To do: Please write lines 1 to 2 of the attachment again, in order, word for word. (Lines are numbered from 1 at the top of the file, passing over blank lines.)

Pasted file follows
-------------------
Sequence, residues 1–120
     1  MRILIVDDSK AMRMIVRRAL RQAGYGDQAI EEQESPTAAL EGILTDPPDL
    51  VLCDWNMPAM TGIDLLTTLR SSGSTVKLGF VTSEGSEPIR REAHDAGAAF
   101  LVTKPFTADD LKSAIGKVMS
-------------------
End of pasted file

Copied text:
Sequence, residues 1–120
     1  MRILIVDDSK AMRMIVRRAL RQAGYGDQAI EEQESPTAAL EGILTDPPDL